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In the time Dickens wrote ‘A Christmas Carol’ life was tough. Poverty was common and for most people food was scarce. Many people were forced to move to the already overpopulated, crowded cities and due to the lack of housing many of these people were living in horrible conditions on the streets. Dickens tried to point out some of the social issues of the time through his literature in the hope that something could be done to make conditions for the poorer people better. One issue Dickens points out is how money could change people’s lives dramatically.
In ‘A Christmas Carol’ Scrooge represents a ‘rich snob’. He is stubborn, selfish and self-centred. He appears to be ignorant to all the poverty around him and doesn’t acknowledge the impact it has on people’s lives. Scrooge is the type of person many of us would purposely avoid meeting, talking to or even catching eye contact with. ‘It was the very thing he liked. To edge his way along the crowded paths of life, warning all human sympathy to keep its distance’ (Page 35). It seems Scrooge makes a conscious effort to be seen as a loner and perhaps even enjoys it.
The Cratchits represent the other side of the story and many of the poor families living at the time, they are poor and have so many hardships they have to cope with ‘they were not well dressed; their shoes were far from being water-proof; their clothes were scanty; and Peter might have known, and very likely did, the inside of a pawnbroker’s. But they were happy, grateful, pleased with one another, and contented with the time (Page 84)’. This shows how, even though they didn’t have very many things going for them, they were happy with what they had been blessed with.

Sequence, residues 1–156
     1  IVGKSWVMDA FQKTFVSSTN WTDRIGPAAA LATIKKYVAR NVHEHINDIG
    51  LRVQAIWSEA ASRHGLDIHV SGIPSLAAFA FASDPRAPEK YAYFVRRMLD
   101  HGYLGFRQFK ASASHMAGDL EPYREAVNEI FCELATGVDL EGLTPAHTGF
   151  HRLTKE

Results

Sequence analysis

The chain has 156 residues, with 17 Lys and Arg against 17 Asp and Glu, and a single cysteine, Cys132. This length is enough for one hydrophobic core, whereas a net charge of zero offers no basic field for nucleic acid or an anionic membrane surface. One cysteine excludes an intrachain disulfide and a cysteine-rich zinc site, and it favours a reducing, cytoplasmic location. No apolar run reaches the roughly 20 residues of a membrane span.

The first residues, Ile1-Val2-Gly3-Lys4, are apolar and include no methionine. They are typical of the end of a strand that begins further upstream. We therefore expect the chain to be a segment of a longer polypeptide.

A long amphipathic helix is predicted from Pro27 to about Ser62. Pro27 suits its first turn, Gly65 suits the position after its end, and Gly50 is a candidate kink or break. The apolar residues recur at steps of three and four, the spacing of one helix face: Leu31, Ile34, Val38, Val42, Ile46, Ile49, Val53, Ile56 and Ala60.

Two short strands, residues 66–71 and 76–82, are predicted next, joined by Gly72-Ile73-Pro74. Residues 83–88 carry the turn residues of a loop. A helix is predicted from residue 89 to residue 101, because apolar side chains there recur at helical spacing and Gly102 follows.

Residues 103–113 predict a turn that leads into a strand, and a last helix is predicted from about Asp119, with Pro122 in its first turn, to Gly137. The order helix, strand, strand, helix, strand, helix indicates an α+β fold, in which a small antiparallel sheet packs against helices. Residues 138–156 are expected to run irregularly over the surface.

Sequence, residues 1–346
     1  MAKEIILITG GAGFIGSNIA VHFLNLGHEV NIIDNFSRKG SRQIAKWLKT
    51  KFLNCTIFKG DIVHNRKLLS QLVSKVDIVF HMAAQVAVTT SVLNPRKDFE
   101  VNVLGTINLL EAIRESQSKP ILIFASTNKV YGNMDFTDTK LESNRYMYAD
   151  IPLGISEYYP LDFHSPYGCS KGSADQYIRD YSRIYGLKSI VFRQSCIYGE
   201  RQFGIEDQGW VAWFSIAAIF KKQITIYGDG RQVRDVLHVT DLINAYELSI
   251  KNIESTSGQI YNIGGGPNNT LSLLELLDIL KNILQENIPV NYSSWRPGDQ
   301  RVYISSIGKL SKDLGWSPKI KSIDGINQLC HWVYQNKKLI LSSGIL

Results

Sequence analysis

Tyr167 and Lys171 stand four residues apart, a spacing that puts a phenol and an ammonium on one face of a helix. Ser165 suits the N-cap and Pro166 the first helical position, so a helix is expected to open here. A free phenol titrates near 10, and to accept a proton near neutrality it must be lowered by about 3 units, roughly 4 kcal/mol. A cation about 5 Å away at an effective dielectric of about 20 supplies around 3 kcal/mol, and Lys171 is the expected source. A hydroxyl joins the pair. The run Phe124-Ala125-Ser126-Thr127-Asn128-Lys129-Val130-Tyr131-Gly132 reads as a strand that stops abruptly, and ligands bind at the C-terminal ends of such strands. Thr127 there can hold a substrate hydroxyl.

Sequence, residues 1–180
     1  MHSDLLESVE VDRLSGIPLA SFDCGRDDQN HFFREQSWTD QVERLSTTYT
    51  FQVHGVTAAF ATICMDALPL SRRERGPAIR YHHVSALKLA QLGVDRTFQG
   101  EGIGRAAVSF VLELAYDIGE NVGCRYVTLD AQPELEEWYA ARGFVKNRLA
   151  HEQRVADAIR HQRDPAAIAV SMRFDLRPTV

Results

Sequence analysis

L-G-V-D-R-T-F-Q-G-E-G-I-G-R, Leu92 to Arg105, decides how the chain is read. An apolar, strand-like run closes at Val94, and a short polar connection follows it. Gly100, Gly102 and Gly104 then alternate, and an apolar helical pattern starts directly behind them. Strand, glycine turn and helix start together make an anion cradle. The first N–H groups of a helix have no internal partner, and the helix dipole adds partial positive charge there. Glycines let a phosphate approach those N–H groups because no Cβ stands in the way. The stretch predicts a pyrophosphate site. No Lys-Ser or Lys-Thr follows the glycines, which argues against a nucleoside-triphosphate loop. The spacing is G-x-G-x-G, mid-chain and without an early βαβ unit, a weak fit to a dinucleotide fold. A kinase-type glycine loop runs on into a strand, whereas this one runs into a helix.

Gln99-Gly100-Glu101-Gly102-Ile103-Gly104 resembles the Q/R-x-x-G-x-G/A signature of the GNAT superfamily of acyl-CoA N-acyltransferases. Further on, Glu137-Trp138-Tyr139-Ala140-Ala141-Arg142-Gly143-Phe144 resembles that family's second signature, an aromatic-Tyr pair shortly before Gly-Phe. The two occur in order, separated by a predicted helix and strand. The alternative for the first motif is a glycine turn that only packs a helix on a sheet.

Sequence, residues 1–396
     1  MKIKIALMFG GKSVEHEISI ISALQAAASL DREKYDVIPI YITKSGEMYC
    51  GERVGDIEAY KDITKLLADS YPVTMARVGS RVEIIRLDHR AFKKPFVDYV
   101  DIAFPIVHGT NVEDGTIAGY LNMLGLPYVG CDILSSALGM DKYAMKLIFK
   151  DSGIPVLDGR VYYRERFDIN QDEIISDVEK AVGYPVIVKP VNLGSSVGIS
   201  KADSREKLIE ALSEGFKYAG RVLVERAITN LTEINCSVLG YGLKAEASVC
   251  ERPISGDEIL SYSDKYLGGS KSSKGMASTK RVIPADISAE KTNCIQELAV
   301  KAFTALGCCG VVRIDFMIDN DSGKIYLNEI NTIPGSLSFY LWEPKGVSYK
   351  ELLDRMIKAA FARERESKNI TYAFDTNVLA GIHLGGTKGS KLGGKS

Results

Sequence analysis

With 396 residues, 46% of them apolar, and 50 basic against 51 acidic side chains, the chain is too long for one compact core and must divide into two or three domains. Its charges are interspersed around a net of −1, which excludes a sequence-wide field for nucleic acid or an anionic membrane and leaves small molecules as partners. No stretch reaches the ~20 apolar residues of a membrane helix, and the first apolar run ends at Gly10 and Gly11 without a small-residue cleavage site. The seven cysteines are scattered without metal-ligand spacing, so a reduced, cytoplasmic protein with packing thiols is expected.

In stave 3 Scrooge is taken by the ghost of Christmas present to see the Cratchits Christmas dinner. The dinner is not very big at all, as they all know, but Mrs Cratchit refuses to believe that they had eaten it all and everyone had enough to fill their starving stomachs. ‘Mrs Cratchit said with great delight (surveying one small atom of a bone upon the dish), they hadn’t ate it all at last! (Page 81)’ we are seeing her mothering instincts here as she tries to persuade herself, and anyone else listening to her that she has managed feed her family adequately and she’s not stinting them despite the situation.
Tiny Tim is a cripple, and represents the Cratchits unending struggle to cope with life. This doesn’t upset the family though, because they treat him in the same way they treat each other. Before Scrooge met the family he was callous and uncaring, so when he asks the ghost if Tiny Tim will survive, the ghost quotes Scrooges words ‘If he be like to die, he had better do it, and decrease the surplus population’ Scrooge then realises how horrid he had been in the past about cripples and other less fortunate people than himself so he was overcome with penitence and grief, feelings he hadn’t felt for a long time.
The Cratchit family are certainly not as rich as Scrooge but they are so much happier. They believe family and friends are so much more important than work and money. Mrs Cratchit doesn’t worry about not having very much food, she worries more about her family and if anyone is late on Christmas day. ‘ What has ever got your precious father then, said Mrs Cratchit’ Page 79.
This shows how loving Mrs Cratchit and the rest of the family are to each other, and they would rather have a smaller portion of food than some of the family missing out and having more food to themselves. Scrooge has a very different view on life to the Cratchits, he believes he doesn’t needs friends, family and happiness because he is rich, has a successful job and works hard. ‘What right have you to be merry? What reason have you to be merry? You’re poor enough. (Page 36)’ Scrooge believed this until he met the Cratchit family.